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Mesothelioma

Lets Offer Hope

Byline: Audrey Forbes Evening Gazette (Middlesbrough, England), March 10, 2005

A Teeside widow who lost her husband to asbestosis-related industrial disease today backed a major campaign to improve treatment and compensation for victims.

Gillian Edwards' husband Brian died of mesothelioma almost six years ago, just six months after being diagnosed.

The family, from Ingleby Barwick, battled for five years for compensation to ensure Gillian could support their two children Jessica, now 18, and Joe, 14.

They were one of many Teesside families left fighting for compensation as a claim could not be made if the victim had been exposed to asbestos in more than one job.

Their nightmare ended only when Law Lords overturned the ruling made by the Court of Appeal.

Now Mrs Edwards is backing a Mesothelioma summit this week aimed at improving the current treatments available and offering proper compensation.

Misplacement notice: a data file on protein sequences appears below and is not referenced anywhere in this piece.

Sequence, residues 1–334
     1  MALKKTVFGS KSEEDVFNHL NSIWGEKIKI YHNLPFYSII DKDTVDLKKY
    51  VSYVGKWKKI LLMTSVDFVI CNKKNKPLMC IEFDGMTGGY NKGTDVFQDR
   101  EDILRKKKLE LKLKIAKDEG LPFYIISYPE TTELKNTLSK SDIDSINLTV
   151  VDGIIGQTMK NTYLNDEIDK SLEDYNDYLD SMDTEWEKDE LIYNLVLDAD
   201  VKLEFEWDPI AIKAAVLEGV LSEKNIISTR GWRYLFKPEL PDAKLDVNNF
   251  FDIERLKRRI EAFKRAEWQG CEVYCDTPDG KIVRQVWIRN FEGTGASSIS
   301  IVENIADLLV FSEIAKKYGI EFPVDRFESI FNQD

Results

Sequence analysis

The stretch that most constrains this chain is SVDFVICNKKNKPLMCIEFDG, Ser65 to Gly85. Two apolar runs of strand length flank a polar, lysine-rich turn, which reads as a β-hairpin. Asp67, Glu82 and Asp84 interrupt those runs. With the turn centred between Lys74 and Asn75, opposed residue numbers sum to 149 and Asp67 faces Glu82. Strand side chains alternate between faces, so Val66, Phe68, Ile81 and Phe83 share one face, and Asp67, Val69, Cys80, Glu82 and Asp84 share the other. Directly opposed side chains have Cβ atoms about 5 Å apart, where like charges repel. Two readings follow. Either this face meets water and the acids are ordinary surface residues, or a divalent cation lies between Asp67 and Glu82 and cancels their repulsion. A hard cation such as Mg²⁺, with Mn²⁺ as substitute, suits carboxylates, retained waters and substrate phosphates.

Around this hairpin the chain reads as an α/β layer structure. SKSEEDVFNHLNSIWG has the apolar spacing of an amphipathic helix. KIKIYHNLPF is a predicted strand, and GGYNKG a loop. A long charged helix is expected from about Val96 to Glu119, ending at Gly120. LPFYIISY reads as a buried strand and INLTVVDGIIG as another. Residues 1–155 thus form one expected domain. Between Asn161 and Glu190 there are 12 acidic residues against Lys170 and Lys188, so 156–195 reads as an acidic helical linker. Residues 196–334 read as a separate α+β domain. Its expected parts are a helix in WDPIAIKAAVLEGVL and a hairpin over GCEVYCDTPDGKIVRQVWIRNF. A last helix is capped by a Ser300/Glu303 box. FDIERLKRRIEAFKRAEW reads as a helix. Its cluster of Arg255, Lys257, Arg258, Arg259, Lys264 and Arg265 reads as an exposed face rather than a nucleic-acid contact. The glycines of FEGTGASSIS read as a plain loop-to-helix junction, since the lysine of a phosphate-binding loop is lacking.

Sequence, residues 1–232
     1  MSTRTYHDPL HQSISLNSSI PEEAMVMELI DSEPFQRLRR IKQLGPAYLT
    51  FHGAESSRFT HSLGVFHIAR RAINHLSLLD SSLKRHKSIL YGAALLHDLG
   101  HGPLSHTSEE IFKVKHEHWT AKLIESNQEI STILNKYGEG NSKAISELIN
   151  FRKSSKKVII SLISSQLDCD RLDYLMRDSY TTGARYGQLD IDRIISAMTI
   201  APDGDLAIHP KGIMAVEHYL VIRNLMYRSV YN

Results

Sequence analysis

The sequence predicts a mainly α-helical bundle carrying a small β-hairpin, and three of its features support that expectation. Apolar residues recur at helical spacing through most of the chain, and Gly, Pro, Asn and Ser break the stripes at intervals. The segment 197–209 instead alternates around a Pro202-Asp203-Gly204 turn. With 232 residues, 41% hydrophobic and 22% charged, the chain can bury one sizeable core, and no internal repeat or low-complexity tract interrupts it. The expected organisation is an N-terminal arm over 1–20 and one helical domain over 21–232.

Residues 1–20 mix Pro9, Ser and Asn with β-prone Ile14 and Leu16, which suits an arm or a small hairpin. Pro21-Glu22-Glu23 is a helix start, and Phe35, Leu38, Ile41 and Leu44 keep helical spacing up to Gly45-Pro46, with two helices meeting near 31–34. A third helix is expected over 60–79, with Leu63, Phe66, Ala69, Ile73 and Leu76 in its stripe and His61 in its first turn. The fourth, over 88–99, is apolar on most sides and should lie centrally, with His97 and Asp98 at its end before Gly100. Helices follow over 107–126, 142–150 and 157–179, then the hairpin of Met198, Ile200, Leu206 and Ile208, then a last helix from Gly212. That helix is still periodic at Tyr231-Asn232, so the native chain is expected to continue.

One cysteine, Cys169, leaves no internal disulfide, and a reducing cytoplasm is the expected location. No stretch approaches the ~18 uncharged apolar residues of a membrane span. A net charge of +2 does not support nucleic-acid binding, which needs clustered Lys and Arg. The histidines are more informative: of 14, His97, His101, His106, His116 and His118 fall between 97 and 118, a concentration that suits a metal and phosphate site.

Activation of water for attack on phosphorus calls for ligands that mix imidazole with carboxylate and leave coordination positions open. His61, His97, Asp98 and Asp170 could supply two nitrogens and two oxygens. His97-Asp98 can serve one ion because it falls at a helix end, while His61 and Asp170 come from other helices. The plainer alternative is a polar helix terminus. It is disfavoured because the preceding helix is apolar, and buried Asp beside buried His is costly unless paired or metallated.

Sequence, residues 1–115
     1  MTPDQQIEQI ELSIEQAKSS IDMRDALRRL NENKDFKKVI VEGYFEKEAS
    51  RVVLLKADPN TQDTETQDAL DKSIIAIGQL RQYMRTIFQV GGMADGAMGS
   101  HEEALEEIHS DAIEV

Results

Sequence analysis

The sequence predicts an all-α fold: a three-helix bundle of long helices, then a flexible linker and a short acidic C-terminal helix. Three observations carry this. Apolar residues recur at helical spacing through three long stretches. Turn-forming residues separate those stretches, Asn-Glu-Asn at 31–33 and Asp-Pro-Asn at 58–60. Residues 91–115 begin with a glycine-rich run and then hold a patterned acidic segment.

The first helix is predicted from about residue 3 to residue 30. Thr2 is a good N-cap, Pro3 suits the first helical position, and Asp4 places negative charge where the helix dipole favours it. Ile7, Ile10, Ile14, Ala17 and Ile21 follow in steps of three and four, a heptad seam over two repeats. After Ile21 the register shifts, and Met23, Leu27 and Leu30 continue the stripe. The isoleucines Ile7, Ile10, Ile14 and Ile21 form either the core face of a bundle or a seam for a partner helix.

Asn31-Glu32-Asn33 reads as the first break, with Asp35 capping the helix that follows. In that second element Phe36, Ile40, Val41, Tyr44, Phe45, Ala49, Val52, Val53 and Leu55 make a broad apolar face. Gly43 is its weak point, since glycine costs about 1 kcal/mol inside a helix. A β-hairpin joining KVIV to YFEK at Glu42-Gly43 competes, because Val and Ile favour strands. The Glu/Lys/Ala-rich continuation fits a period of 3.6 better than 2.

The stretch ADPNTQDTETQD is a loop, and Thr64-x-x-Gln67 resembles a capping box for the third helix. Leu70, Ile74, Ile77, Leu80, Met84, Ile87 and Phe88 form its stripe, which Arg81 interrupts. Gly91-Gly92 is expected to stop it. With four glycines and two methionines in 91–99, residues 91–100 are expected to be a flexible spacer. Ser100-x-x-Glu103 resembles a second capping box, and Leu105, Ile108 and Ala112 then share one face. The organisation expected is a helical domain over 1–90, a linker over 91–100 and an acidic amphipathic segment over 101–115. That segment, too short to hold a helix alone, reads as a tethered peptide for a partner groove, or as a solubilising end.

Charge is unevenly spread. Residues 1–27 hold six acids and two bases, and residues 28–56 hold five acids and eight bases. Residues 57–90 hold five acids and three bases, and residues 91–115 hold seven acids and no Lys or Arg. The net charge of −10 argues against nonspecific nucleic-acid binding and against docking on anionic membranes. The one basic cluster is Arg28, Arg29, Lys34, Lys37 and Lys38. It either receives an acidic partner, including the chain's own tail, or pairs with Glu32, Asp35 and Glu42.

"The Government should definitely be doing something more," said the 49-year-old.

"We shouldn't have had to fight to prove Brian died of mesothelioma.

"Once you've seen a man die of mesothelioma that's bad enough. I don't want other families to go through what we did."

Mesothelioma is a symptom of the deadly legacy of Teesside's industrial heritage.

Chemicals formerly used in industries are being blamed for high rates of the cancer. Cases are now being diagnosed after the disease has had a number of years to develop.

The summit is being co-ordinated by the British Lung Foundation (BLF), Professor Mike Richards, national clinical director for cancer; as well as representatives from Mesothelioma UK, the TUC, healthcare professionals and patient support groups.

Liz Darlison, of the National Macmillan Mesothelioma Resource Centre, said: "Some 1,800 people die from mesothelioma each year and it is predicted the number will continue to rise until around 2015 and yet the general public and many healthcare professionals are not aware of this disease.

"The Government needs to take a two-pronged approach towards mesothelioma: improve the current treatments available and offer proper compensation."